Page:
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Saturday, November 19, 2016

TEAM: Together Everyone Achieves More


When I learned in college psychology what a great team was, I did not realize in life how difficult it would be to get on a great team. What does this have to do with my photo, well the Golden State Warriors are a great team. and I am a loyal fan. And I wanted some of you to be jealous!!LOL
What defines a great team, the Together Everyone Achieves More mantra, is the willingness of everyone to sacrifice for that team. Yes, from Iggy being willing to come off the bench, to Curry getting less shots, to Green not worrying about his points. The sacrifice one or two people make initially becomes infectious, and spreads throughout the team.
In my real life as a health care provider, I try to team up with my patients to achieve great results. Some want to be part of that team, others just want an opinion or quick fix. Members of my team not only include the patient, but the trainer, coach, physical therapist, consulting docs, etc. I am honored to be on some pretty good teams in this regard. 
I am frustrated some with how the patient must do this alone many times. Providers give an opinion, and nothing more. If the patient selects that provider, and something goes wrong, there is no Plan B, C, or D. The patient must fend for themselves. 
So, even though I have little impact on other docs, I hope those reading this can get into a team atmosphere for their injury. Everyone wins, but you as the patient must do what you are told if it makes sense. I had a patient on Wednesday this week who is getting better, and I know I gave her too much to do, but several of the treatment aspects she is not doing at all. So, the treatment will be stalled, or just go very very slowly. Typically if I need someone to stretch 5 times a day, it is for a reason, and once a day does not do it. Look at your programs, at what you are doing, and see if you can be a better team player. At least get the pompoms!!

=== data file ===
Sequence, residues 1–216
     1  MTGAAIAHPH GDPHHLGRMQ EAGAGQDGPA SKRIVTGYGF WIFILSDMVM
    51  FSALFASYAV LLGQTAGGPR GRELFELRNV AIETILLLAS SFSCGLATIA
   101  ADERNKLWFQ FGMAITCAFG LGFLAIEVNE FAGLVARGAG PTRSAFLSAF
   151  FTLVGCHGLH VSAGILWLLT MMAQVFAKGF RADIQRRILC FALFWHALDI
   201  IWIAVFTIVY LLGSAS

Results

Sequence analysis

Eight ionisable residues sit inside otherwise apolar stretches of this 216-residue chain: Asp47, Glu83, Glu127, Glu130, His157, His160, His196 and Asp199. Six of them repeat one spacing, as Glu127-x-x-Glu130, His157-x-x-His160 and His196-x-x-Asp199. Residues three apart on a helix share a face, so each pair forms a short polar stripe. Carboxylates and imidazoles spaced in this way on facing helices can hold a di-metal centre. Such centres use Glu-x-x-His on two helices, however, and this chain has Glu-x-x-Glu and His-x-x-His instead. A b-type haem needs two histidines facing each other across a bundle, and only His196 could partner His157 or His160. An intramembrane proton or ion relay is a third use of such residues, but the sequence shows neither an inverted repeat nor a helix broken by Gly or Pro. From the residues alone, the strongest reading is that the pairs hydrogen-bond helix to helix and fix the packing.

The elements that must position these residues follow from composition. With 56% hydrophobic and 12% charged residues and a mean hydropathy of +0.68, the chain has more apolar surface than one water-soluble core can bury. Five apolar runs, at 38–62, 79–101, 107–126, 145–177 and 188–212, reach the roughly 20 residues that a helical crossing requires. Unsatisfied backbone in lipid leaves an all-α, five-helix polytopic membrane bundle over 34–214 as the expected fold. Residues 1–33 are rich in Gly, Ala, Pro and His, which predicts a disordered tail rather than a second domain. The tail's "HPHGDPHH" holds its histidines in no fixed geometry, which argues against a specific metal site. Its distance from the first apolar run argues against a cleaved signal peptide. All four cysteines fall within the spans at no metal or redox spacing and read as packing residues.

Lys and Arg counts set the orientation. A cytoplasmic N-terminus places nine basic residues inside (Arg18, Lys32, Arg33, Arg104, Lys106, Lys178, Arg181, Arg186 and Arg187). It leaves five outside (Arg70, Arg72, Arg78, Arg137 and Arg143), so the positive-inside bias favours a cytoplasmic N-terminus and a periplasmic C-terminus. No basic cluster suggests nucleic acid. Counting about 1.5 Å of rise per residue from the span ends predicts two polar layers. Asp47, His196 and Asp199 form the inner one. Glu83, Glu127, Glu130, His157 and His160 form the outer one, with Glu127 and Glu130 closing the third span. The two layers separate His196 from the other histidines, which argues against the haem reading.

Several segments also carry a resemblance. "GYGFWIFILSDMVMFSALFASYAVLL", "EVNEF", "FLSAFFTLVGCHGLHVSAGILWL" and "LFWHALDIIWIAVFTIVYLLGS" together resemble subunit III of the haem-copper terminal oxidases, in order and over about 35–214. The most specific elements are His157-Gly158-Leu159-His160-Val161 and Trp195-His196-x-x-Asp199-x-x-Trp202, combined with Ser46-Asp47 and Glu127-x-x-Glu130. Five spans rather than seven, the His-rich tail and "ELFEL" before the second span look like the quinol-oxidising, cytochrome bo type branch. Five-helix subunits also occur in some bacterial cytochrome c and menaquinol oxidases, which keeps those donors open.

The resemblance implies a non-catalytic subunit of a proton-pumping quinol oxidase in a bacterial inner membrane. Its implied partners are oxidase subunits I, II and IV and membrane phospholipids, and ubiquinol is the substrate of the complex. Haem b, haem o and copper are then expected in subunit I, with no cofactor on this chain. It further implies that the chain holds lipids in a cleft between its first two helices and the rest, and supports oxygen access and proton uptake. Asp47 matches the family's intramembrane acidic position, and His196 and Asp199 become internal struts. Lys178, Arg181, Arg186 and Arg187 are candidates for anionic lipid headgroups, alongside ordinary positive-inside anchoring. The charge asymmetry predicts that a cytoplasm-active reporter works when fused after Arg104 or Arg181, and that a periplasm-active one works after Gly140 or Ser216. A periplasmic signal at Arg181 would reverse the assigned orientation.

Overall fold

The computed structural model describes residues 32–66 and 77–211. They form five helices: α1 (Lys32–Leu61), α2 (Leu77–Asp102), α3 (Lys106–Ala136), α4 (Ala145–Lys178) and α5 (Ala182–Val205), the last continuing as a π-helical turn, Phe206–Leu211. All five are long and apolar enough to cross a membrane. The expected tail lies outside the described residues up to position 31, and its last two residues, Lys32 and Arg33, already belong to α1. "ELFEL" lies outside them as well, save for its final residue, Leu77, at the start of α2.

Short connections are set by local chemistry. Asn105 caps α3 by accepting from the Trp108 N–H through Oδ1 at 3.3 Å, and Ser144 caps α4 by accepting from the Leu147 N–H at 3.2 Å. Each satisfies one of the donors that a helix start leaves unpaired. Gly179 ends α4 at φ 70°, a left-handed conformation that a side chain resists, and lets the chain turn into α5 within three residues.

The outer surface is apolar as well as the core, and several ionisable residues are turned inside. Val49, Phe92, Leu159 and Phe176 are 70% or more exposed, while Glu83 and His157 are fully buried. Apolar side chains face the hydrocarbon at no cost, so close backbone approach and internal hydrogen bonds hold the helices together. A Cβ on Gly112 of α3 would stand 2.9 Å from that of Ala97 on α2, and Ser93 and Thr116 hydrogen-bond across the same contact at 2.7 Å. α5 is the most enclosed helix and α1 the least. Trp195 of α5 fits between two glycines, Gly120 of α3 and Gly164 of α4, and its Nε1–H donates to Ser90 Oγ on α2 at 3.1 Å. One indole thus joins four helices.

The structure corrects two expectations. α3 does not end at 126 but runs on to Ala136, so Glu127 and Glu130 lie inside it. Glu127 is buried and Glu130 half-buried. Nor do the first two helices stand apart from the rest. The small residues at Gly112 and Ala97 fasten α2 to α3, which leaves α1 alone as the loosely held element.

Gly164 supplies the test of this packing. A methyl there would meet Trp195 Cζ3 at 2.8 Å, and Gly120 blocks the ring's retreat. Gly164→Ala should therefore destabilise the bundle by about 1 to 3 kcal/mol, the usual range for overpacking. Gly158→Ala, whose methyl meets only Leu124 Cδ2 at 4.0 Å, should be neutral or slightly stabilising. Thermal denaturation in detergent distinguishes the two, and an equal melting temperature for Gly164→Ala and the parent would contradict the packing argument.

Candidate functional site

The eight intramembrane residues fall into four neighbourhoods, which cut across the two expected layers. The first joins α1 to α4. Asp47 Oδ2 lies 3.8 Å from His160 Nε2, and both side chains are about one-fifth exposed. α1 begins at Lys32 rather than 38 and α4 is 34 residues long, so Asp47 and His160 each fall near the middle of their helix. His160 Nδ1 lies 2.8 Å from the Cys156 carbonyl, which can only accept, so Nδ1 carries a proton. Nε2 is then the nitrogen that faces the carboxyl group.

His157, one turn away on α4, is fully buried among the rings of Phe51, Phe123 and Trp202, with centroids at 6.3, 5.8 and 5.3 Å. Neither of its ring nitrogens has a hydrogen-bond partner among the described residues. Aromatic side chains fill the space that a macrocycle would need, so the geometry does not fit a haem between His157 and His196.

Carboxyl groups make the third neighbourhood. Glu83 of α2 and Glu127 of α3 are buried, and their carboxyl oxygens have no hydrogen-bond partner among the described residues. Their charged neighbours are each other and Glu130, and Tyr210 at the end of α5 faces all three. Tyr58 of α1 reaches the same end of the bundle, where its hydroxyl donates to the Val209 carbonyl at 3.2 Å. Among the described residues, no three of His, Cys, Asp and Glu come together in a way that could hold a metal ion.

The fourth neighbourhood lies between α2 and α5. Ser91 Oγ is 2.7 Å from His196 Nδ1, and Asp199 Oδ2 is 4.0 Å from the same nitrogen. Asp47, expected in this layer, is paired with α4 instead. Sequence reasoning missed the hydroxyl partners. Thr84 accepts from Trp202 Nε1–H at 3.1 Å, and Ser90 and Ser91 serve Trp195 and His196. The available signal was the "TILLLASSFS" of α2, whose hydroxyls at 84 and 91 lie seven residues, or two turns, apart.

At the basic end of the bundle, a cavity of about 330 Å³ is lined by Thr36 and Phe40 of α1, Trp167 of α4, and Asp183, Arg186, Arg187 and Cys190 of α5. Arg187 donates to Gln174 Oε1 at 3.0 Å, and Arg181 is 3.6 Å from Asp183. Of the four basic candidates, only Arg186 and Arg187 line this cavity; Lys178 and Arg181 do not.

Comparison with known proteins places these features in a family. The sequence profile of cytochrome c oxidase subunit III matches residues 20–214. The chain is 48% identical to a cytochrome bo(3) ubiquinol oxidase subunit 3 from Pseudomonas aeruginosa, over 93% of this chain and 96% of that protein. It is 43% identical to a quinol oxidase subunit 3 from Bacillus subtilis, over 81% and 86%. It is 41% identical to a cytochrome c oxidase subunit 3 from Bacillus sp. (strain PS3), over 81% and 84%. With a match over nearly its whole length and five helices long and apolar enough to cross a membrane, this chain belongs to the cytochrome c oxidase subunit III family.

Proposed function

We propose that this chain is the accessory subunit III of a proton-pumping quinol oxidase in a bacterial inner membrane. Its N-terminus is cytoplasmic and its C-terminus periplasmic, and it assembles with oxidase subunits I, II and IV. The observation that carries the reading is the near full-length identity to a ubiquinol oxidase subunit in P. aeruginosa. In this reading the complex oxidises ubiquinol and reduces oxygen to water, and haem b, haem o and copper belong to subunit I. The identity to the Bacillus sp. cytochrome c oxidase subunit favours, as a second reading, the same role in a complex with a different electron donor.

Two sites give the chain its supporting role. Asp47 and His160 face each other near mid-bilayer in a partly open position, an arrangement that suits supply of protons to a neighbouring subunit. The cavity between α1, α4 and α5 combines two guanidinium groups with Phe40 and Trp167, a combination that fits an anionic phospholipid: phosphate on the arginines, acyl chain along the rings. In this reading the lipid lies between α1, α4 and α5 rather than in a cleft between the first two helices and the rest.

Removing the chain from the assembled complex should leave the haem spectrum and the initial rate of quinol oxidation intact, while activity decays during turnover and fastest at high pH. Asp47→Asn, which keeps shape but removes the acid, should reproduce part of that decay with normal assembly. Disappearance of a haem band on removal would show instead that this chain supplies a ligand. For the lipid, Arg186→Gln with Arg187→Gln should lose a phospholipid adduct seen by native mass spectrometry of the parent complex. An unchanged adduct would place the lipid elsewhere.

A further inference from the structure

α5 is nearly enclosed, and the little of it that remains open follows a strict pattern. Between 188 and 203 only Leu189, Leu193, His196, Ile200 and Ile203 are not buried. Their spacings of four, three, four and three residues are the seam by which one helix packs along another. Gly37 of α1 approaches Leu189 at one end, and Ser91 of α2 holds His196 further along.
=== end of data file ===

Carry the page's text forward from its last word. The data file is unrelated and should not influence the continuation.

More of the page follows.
2 comments:

  1. Hi Dr. Blake,
    I found your very helpful blog several weeks ago after enduring posterior tibial tendon surgery—due to a longboarding injury (I had a 1.5 inch longitudinal tear in my posterior tibial tendon). I appreciate your insights and patience in helping your patients. Thank you for sharing your knowledge with us! :)

    ReplyDelete
    Replies
    1. Thank you very much Adrie. If there are any specific questions to your injury and the rehab, please feel free to write. Thanks Rich

      Delete

Thank you very much for leaving a comment. Due to my time restraints, some comments may not be answered.I will answer questions that I feel will help the community as a whole.. I can only answer medical questions in a general form. No specific answers can be given. Please consult a podiatrist, therapist, orthopedist, or sports medicine physician in your area for specific questions.